I put the phone down and let out a sigh. Donna, my wife, asked, “What’s wrong?”

“That’s the fifth number I called that said the phone number is no longer in service.”

She nodded. “I’ve had the same problem. It seems that everyone is switching to cell phones. I heard that in the future, a person will be able to make their landline number their cell phone number. Then it won’t be a problem.”

“Well, right now, I need some help getting the Flinders’ water pipes unfrozen. They’re too old to do it themselves, and I don’t have the equipment I need.”

Eventually, I was able to get the help I needed. Still, the delay made me think about how the inability to contact each other was affecting our little community. I decided to do something about it. I was going to create a directory.

I approached the community and church leaders about the idea. They had experienced problems like mine and were all in on the plan. The church leaders even said I could send a list around in church. Everyone was supportive except for one man. When I announced what I was doing, he became outraged.

“That is totally illegal to collect people’s information,” he said.

“It is not illegal if they choose to give the information, and I don’t use it for commercial purposes,” I replied. “A person can share their phone numbers and emails if they choose or withhold them if they want. And I plan to make it clear on the directory that it is not for commercial purposes.”

“Well, I’m not giving you my information,” he said belligerently.

“That’s fine,” I replied. “But I don’t feel it is proper to share information with anyone who is not on the list.”

He was the only one who didn’t put his name on the list. But the next day, he appeared at my door. “Here’s my info, and a ten-dollar donation to help with the printing. I want the first copy. I wasted over an hour trying to get hold of someone today who had changed their number.”

I put together the list with the numbers I had, but more than half of the community did not go to the church I attended. There were about 150 families in our community, so I still had a lot of work to do. I decided to take a couple of hours right after church each Sunday and visit the rest of the families. With people wanting to visit, and others not being home when I stopped by, it took longer than I expected.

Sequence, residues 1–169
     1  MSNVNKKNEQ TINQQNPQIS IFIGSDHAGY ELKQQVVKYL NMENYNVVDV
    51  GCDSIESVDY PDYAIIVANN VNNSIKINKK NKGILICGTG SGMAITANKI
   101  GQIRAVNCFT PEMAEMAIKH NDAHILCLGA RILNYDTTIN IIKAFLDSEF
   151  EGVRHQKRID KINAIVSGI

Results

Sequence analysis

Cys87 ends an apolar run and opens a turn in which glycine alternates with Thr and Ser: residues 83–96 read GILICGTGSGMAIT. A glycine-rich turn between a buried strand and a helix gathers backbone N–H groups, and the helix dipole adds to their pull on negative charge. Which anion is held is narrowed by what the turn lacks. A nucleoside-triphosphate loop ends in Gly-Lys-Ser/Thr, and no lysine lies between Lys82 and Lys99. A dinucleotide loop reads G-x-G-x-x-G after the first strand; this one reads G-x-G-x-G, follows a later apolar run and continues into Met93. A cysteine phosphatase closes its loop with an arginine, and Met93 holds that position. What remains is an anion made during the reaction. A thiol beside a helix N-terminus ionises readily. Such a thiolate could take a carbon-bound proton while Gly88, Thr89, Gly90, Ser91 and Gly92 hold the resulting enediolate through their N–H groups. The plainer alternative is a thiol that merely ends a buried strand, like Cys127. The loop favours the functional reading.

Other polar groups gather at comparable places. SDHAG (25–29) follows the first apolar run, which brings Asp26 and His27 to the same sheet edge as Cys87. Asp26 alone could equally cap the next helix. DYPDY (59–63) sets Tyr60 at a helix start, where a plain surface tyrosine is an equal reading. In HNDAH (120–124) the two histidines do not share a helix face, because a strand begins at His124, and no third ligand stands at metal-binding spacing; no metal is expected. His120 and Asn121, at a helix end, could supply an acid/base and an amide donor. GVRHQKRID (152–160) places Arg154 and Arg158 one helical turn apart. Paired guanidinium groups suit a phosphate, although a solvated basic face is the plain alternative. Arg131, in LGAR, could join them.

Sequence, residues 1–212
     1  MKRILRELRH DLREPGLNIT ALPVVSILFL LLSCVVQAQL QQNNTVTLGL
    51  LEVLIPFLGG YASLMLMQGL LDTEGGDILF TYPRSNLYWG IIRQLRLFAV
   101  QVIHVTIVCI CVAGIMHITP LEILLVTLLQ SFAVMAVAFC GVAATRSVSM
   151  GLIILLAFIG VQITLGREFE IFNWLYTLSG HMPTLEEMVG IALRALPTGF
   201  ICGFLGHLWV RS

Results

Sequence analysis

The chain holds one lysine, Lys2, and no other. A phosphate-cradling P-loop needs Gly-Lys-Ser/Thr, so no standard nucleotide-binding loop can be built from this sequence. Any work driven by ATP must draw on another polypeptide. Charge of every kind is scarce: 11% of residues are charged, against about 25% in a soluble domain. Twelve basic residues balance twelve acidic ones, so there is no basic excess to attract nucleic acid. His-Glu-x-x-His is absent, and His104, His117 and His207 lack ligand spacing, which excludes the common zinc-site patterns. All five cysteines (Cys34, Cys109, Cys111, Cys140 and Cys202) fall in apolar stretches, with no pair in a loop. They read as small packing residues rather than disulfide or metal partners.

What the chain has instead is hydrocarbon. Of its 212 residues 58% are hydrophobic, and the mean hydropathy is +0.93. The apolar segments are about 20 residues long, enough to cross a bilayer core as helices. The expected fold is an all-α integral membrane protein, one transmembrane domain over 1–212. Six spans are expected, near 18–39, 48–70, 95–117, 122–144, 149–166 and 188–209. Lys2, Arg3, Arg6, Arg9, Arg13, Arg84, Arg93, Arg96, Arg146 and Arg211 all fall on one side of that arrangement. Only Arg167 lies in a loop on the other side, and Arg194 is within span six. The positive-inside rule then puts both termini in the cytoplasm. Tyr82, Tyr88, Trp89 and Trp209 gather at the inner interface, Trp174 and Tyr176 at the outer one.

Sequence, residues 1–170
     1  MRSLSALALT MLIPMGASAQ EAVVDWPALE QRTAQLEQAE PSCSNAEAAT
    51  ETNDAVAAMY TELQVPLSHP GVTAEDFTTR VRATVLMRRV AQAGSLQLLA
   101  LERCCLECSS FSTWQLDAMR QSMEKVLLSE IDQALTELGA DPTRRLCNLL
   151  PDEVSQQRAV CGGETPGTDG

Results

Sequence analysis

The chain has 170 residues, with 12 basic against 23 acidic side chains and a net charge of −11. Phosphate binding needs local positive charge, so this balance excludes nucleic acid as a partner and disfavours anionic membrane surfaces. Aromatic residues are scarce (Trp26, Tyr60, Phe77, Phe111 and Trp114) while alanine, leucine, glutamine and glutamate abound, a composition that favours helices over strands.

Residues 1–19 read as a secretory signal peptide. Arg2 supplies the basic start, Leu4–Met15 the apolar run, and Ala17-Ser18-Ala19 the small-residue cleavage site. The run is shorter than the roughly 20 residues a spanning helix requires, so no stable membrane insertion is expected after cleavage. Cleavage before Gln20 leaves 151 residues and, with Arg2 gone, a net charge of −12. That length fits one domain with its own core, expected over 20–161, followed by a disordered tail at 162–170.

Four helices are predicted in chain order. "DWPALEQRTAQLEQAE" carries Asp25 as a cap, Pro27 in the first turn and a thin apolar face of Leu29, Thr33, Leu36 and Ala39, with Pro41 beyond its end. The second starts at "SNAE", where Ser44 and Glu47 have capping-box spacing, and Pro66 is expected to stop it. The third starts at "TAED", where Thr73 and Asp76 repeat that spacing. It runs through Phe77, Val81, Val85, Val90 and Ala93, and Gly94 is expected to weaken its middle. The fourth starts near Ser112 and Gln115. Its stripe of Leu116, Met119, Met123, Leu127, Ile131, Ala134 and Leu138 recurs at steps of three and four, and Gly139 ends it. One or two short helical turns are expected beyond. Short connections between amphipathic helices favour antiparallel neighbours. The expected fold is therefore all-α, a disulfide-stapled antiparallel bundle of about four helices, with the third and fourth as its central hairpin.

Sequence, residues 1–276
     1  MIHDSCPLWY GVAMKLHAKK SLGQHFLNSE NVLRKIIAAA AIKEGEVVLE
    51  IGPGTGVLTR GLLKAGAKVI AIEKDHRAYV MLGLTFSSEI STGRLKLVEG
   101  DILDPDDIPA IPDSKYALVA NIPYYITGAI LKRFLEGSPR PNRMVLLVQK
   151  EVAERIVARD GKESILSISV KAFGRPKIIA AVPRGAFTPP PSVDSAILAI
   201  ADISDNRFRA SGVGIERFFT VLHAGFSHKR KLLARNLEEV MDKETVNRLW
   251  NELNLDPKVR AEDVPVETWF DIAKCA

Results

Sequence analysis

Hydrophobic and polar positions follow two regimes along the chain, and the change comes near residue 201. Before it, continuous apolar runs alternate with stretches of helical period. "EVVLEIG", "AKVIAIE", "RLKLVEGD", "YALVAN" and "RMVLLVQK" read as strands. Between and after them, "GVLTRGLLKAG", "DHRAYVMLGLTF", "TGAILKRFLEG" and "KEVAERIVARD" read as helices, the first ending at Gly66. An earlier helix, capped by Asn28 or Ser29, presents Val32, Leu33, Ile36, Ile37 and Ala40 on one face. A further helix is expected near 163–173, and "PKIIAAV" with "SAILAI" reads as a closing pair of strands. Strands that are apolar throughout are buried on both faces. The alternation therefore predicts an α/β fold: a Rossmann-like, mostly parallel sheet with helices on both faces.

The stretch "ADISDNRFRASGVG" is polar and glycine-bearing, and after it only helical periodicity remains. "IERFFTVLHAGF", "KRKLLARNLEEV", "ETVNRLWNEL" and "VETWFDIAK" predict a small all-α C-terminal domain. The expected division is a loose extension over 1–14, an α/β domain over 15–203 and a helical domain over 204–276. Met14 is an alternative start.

When I pulled up at the home of one new, young family, I could see the husband busy chopping wood. His three children, who were eight, six, and five, were struggling to carry the pieces of wood to the shed to stack them. The pile of wood to be stacked was large and growing faster than the children could move it.

I took off my suit coat and tie. “Can I help?” I asked.

The surprise showed on the young man’s face. “Uh, yeah, I guess so.”

We worked for a couple of hours, and, with my help, the children and I finished stacking at about the same time their father finished chopping.

The father invited me to join them for some lemonade, which I gratefully accepted. As we sat down to visit, he introduced himself as Brent, and his wife as Wendy.

When I explained the reason for my visit, Brent looked shocked. “You helped us stack wood for a couple of hours, dressed in your suit, and all you want is our phone number and email for a community directory?”

“But we’re not members of your church,” Wendy said.

“This is a community directory,” I said, “not a church one. We all try to help each other.”

“What will you use the information for?” Brent asked.

“Mostly, we’ll use it to be able to get hold of each other. As for the email, my wife has volunteered to send information to a list I will set up for her about things like when people have lost a pet, have garden produce to give away, need help, or things like that.”

“That’s really strange,” Wendy said. “In the place where I grew up, I didn’t even know my neighbors’ names.”

Wendy looked at Brent questioningly, and he nodded. She turned back to me and smiled. “We’ll share ours, and I think it is going to be interesting to be part of a community like this.”

(To be continued)